Italy’s BTP yields fell for a seventh consecutive session, with long-dated yields hitting their lowest level since late July. Comments from Italian politicians this month that E.U fiscal rules would be respected in next year’s budget have supported the markets demand for Italian debt.

Note: Italy’s 10-year BTP yield fell to its lowest in more than six weeks at +2.7%, while Germany’s Bund yield rose more than +2 bps to a five-week high at +0.423% – the spread is +225 bps, its tightest since the start of August.

Elsewhere, the yield on U.S 10-year notes has backed up +1 bps to +2.95%, the highest in almost five-weeks. In the U.K, the 10-year Gilt yield increased +2 bps to +1.493%, the highest in 16-weeks.

4. Dollar falls, but is looking to regain momentum

The dollar trades lower ahead of the open, with EUR/USD up +0.3% at €1.1626, GBP at £1.3040 and JPY at ¥111.35, but strong U.S data, due later in the week, could give the ‘buck’ some needed TLC – U.S core-CPI figures on Thursday and U.S retail sales on Friday are likely to come in strong.

The EUR has found support as easing concerns about Italian debt boosted the single currency for a second day, while broader moves in forex markets remain contained until there is further clarity in the Sino-U.S. trade dispute.

GBP (£1.3040) gets another Brexit boost. Market headlines appear more positive as the E.U seems more willing to compromise to achieve an agreement with the U.K. Also, domestic wage data beat expectations (see below) and justified the recent BoE rate hike.

The TRY ($6.4783) is little changed as investors wait for the Central Bank of the Republic of Turkey (CBRT) rate decision on Thursday. Current consensus is looking for the CB to hike 1-week repo auction rate by +325 bps to +21.00%.

5. U.K jobs and wage data

U.K data this morning provided the pound with some support. Stronger-than-expected U.K jobs data, pushed EUR/GBP briefly to a five-week low of €0.8887.

U.K. earnings for the three-months to July rose by +2.9%, up from a +2.7% increase in the previous period and above the market consensus of a +2.8%.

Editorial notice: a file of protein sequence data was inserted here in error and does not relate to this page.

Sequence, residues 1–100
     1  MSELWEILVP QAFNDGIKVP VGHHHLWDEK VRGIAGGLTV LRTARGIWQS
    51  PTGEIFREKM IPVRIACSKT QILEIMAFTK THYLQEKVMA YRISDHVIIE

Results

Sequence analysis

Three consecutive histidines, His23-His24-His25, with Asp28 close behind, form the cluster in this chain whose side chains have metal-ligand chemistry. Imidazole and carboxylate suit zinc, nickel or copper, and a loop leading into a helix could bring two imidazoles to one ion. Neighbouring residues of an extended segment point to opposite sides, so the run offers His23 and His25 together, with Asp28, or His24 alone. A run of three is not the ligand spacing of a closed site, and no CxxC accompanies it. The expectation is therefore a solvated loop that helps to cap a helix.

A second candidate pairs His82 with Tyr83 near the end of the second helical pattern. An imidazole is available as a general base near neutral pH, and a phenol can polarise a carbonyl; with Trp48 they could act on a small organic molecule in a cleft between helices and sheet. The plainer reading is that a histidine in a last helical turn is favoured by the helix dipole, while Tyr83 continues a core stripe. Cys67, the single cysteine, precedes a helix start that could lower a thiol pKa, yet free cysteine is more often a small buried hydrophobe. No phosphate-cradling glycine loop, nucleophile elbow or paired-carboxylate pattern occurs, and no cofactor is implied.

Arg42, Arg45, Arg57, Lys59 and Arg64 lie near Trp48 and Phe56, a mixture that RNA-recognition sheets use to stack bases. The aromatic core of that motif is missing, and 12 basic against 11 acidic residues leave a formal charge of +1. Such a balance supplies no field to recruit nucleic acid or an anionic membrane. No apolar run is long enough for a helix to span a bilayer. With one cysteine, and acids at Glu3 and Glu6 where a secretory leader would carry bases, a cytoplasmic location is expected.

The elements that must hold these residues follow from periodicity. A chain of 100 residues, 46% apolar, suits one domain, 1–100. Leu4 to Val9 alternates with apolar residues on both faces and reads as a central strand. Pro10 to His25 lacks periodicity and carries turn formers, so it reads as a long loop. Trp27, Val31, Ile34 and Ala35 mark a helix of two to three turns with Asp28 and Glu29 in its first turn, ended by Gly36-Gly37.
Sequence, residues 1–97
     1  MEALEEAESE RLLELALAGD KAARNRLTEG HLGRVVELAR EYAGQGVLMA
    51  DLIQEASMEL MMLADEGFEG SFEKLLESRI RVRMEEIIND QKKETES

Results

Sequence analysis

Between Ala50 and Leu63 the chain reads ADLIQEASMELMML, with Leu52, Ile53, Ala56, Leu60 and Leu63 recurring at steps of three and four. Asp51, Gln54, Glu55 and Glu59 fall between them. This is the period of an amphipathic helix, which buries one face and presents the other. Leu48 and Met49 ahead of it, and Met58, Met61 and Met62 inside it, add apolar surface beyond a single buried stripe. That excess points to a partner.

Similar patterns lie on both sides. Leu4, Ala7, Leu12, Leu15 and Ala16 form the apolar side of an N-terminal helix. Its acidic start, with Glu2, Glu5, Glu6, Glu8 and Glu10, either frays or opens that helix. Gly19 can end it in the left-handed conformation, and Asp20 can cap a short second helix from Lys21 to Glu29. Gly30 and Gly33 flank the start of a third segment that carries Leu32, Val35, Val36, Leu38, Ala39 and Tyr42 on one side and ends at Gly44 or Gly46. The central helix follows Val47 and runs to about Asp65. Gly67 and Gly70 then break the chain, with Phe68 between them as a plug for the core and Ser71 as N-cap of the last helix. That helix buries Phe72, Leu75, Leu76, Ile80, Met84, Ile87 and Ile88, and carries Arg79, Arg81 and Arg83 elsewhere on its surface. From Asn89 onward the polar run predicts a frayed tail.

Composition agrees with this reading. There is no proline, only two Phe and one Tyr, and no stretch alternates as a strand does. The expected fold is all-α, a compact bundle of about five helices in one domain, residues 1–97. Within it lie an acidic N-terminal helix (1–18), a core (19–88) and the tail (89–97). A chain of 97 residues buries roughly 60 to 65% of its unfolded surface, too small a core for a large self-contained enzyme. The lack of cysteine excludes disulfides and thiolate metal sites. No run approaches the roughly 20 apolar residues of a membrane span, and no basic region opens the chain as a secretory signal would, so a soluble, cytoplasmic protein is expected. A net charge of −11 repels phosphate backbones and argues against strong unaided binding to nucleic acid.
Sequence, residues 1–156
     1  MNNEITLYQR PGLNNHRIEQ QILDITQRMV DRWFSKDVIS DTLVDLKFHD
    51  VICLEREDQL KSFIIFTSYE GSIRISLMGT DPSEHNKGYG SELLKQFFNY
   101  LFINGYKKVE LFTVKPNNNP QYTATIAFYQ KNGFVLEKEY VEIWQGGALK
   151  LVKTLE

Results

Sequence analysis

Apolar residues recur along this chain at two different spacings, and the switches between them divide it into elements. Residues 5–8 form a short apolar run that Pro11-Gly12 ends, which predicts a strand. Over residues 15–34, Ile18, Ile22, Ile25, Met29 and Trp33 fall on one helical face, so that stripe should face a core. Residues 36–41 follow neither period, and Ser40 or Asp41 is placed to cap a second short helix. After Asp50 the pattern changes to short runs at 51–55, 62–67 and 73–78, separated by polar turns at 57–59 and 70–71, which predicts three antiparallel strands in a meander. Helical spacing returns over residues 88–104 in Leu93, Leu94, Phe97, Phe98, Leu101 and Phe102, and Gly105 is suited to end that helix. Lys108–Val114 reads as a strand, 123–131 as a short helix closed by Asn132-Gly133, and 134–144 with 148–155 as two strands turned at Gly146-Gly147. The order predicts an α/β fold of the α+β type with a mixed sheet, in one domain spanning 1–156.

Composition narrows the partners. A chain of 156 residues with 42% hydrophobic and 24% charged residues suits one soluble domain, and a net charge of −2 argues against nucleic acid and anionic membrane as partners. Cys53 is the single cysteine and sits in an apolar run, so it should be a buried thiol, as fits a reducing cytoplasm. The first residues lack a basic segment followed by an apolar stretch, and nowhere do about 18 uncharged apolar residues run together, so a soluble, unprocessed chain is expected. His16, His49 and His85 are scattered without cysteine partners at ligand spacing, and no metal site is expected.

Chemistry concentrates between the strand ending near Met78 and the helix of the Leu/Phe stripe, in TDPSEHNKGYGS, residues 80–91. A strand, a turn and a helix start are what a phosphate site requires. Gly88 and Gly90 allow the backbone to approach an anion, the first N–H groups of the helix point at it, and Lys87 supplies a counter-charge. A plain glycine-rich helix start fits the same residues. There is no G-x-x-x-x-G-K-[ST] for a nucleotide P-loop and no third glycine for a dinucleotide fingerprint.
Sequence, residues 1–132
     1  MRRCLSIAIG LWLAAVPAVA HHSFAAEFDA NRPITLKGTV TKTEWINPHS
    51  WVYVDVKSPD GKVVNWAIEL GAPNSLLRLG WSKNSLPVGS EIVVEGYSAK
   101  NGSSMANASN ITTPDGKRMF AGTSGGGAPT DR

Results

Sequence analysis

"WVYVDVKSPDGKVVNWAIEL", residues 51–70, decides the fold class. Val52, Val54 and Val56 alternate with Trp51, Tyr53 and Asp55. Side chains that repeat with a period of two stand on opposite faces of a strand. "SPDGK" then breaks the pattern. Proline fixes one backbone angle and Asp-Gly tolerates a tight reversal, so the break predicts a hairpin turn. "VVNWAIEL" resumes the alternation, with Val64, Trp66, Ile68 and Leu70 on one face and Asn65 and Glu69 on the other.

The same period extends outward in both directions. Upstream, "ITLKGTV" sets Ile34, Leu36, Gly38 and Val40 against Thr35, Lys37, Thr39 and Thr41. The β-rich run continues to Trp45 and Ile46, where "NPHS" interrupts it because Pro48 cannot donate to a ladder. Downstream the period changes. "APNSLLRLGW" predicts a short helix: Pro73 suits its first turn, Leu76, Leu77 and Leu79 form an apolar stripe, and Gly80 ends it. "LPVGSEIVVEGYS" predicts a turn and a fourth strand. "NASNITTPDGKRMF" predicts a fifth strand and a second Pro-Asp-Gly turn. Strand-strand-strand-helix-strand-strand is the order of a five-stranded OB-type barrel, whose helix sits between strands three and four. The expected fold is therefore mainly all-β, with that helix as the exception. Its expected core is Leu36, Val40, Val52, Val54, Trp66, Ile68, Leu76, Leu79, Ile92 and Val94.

Other data showed that the U.K unemployment rate stayed flat at +4% in July vs. expectations of a +4.1% rise.

The Bank of England (BoE) meets Thursday and further proof of rising U.K wage growth may concern Governor Carney and company, however, ongoing Brexit uncertainty is expected to weaken any chances of another rate rise any time soon.

Forex heatmap

Phew! Turkey bashing takes a break for now

Tuesday August 14: Five things the markets are talking about

Tuesday sees a tentative reprieve for global equities in the wake of Turkey’s induced turmoil and the forex market has managed to stabilize a tad, aided by reports this morning that the Turkish Finance Ministry has scheduled an investor call for Thursday, Aug 16.

The ‘big’ dollar has managed to slip from its 15-month highs against G10 currency pairs as U.S Treasury prices ease as a degree of calm returns to Turkish markets – USD/TRY is down -4.75% at $6.5622.

Nevertheless, a sizable rate increase by the Central Bank of the Republic of Turkey (CBRT) followed by drastic measures to reduce the fiscal deficit still appears to be the most viable option to re-anchor the lira and pull the country’s economy from the brink. Currently, fixed income dealers are pricing in a +10% rate hike by the CBRT to stem the lira’s depreciation.

Is it economic suicide or attack? President Erdogan knows what needs to be done, but will he allow it? The U.S. has nothing further to negotiate until the detained American pastor is freed.

Elsewhere, crude oil has pared some of its recent losses, while gold finds a bid on a weaker dollar and BTC is again under pressure dropping below $6,000.

On tap: U.S retail sales data appears stateside tomorrow, followed by housing data on Thursday. In Brussels Thursday, Brexit talks between the E.U and the U.K resume.

1. Stocks mixed results on bargain hunting

In Japan, the Nikkei posted its biggest gain in five month after the Turkish lira pared some of yesterday’s losses. Export-driven firms benefited from a pause in the safe-haven yen’s (¥111.01) strengthening. The Nikkei share average surged +2.3%, while the broader Topix rallied +1.6%.

Note: Japanese trading volumes remain thin as many domestic investors are on holiday.

Down-under, Aussie shares closed firmer, supported by the financial and material sectors. The S&P/ASX 200 index rose +0.8% at the close of trade. The benchmark slipped -0.4% on Monday. In S. Korea, both the Kospi stock index and the won gained overnight, supported by recovering confidence after the Turkish turmoil. The Kospi closed up +0.47%.

In Hong Kong and China, stocks fell for a third consecutive session overnight, after data showed further signs of cooling in China’s economy and as trade war worries lingered. In Hong Kong, the Hang Seng index fell -0.7%, while the China Enterprises Index lost -0.2%. In China, the blue-chip CSI300 index fell -0.5%, while the Shanghai Composite Index closed down -0.2%.

Note: Overnight, China July data missed market expectations amid trade frictions – industrial production y/y, +6.0% vs. +6.3%e and retail sales y/y, +8.8% vs. +9.1%e.